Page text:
Nobel-winning economist calls Apple's business practices 'fraud'

Nobel-winning economist Joseph Stiglitz blasted Apple on Thursday, calling its alleged use of Ireland to avoid taxes “fraud.”

“Here we have the largest corporation in capitalisation not only in America, but in the world, bigger than GM was at its peak, and claiming that most of its profits originate from about a few hundred people working in Ireland — that’s a fraud,” Stiglitz told Bloomberg. “A tax law that encourages American firms to keep jobs abroad is wrong, and I think we can get a consensus in America to get that changed.”

Apple’s website says it employs 5,500 people in Ireland, and 76,000 people in the US. A large number of Apple’s employees in Ireland work in customer services where they help people with software issues and other problems, while the vast majority of Apple’s R&D work is done in the US.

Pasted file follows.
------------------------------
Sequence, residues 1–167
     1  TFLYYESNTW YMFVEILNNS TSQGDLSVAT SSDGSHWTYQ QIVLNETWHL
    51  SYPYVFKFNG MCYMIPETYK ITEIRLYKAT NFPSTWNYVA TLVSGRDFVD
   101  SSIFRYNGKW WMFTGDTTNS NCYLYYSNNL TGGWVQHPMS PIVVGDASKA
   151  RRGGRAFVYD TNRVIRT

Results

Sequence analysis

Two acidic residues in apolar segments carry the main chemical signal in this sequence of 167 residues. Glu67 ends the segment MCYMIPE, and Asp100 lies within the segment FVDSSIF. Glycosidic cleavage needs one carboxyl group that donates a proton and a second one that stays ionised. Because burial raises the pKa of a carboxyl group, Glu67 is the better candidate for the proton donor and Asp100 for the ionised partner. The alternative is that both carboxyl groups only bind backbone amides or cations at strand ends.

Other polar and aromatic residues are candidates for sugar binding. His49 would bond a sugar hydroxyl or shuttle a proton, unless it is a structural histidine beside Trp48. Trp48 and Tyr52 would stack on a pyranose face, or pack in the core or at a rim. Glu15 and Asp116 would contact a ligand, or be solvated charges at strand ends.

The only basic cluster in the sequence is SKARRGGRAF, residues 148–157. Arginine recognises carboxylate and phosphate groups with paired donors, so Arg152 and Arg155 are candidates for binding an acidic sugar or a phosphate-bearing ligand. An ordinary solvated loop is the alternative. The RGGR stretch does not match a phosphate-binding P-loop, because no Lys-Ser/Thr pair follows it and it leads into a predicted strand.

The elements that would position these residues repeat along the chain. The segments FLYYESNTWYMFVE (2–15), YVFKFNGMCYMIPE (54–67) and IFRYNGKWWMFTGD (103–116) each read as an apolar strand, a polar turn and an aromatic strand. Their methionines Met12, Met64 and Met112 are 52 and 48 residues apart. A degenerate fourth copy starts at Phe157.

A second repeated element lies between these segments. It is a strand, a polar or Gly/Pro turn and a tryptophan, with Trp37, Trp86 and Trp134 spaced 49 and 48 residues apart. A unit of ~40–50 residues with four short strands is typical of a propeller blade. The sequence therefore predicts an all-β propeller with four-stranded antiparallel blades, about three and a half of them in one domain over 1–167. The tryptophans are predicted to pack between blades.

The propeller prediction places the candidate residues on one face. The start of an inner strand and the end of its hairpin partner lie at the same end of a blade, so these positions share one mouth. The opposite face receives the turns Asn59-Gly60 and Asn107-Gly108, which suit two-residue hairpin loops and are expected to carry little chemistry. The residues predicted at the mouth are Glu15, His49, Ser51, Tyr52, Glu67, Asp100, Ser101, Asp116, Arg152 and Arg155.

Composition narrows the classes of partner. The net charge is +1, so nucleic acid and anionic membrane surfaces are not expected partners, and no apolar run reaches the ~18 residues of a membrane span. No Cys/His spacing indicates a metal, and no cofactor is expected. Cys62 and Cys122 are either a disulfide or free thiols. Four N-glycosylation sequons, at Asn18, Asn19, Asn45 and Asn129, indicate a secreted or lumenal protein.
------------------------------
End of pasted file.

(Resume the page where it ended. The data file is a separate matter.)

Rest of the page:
A combination of US tax law and Apple’s corporate structure makes it possible for the company to shift money to places like Ireland, which has a corporate tax rate is a mere 12.5%.

Based on Apple’s latest earnings report, of Apple’s whopping $232 billion in cash, $215 billion is outside the US.

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